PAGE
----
The Associated Students Legislative Council endorsed a new draft of its constitution last night to present at the upcoming A.S. Constitutional Convention.
A major point of contention in the draft constitution was the selection process for the Office of Student Advocate (OSA) General. In addition, Leggies altered two other processes in the new draft.
Current OSA Advocate General Neil Dipaola said the advocate general should be an elected position.
“When the office operates as it’s supposed to, it should not be connected to politics,” Dipaola said.
However, Off-Campus Rep. Joel Rodriguez-Flores said he preferred an appointment process.
“I think [the position] will be politicized a lot more if elected,” Rodriguez-Flores said.
Rep-at-Large Romy Lea Frazier said an interview process would ultimately provide a more complete method of selection than an election.
According to the A.S. Legal Code, “The Student Advocate shall be the person to discuss any and all student concerns and issues, where the student is the plaintiff against the University.”
The council approved the motion to strike the advocate general elections provision from the draft constitution with 15 in favor, one against and three abstentions.
Though the article was removed from the draft constitution, University-Owned Housing Rep. Felix Hu said a bill to put similar provisions into the A.S. bylaws is in the works. Provisions in the bylaws can be changed by a two-thirds Leg Council vote, whereas constitutional revisions require approval by the general student body.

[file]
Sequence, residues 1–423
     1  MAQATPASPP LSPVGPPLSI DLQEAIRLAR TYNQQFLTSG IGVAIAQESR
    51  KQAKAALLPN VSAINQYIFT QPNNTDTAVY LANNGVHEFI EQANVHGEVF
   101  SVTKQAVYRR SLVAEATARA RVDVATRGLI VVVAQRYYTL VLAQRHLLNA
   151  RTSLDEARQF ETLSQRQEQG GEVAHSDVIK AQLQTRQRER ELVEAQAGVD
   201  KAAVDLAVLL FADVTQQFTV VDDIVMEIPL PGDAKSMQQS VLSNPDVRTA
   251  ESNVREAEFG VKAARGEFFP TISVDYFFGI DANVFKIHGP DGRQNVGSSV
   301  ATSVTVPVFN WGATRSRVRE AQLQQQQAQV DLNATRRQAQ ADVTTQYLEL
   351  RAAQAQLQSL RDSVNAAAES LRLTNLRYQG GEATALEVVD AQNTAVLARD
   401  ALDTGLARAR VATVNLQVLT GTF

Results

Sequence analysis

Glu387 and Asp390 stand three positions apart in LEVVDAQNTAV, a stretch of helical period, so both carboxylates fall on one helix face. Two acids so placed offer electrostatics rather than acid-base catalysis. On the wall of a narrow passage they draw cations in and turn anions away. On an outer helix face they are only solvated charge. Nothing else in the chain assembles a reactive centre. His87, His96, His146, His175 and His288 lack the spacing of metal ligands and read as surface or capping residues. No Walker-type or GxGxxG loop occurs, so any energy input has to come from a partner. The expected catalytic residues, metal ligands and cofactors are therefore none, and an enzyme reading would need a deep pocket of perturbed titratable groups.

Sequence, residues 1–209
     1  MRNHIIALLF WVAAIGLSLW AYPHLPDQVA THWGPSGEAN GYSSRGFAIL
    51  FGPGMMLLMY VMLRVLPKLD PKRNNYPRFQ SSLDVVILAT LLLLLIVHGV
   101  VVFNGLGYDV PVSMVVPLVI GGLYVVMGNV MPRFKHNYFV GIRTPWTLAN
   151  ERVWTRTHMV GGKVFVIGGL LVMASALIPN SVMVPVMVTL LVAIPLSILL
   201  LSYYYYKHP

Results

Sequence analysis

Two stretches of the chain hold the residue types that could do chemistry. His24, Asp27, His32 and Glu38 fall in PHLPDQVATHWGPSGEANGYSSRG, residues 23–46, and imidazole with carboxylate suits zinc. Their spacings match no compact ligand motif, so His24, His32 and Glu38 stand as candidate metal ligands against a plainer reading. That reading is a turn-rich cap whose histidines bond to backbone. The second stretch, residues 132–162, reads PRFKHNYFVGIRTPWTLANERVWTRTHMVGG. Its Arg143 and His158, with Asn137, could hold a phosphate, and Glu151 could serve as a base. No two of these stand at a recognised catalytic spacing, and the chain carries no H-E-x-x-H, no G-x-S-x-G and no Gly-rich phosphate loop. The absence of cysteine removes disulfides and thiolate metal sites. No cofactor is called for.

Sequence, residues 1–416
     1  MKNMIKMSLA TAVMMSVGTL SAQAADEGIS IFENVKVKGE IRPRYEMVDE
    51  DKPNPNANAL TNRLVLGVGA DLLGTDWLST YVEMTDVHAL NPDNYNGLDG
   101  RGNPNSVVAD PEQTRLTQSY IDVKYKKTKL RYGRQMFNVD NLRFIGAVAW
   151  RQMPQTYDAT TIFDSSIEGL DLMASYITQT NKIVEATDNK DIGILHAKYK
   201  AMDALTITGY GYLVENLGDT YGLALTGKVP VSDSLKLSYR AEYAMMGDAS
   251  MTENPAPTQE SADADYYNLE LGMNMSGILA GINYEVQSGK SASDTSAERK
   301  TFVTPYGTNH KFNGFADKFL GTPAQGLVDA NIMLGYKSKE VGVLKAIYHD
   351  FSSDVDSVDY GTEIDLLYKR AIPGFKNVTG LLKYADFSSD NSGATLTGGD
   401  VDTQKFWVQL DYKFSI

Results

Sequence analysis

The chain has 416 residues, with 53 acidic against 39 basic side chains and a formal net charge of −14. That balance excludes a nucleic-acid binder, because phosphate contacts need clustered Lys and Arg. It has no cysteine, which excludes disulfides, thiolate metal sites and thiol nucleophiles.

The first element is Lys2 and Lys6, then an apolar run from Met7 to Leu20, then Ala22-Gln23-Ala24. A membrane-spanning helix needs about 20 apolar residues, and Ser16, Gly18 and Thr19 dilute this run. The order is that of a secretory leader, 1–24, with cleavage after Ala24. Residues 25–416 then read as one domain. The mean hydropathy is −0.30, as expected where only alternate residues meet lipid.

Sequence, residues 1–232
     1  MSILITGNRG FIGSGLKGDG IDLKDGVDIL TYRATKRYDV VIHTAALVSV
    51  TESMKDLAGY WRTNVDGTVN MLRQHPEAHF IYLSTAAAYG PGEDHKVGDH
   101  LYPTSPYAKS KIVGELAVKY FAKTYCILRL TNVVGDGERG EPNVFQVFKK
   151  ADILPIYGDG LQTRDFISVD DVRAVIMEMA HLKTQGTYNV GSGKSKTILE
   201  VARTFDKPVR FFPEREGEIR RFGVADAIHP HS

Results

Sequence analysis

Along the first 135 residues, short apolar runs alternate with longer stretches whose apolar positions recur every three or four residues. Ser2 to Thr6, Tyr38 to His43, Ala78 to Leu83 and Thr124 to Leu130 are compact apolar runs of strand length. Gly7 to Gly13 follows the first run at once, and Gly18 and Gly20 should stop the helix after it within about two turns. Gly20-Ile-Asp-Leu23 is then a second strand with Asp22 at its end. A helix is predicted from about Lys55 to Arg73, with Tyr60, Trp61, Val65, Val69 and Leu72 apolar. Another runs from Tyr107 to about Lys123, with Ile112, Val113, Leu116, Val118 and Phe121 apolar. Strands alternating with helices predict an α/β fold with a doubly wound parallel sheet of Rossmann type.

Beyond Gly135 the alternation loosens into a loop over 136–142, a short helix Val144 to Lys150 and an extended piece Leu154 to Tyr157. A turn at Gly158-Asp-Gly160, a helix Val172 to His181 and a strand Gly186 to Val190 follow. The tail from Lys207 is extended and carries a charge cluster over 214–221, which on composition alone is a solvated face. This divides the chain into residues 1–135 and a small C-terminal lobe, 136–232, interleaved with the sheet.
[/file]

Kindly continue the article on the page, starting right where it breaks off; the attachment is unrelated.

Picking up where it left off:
Later, the council unanimously approved two other changes to the draft constitution. The first requires a special election when a vacancy occurs in an executive officer position.
Currently, when an executive space becomes vacant, a replacement is appointed. As a recent example, Leg Council swore Bill Shiebler into office as its new external vice president of statewide affairs on Feb. 15 after Felicia Cruz resigned from the position the prior weekend.
The second change Leggies made requires that candidates receive at least 6 percent of their constituency’s vote to receive runner-up status in the A.S. Spring Elections. Currently, candidates must receive 10 percent to qualify.
After passing these changes, the council approved of the draft by unanimous consent.
The constitutional convention takes place March 7 in Corwin Pavilion at 6 p.m.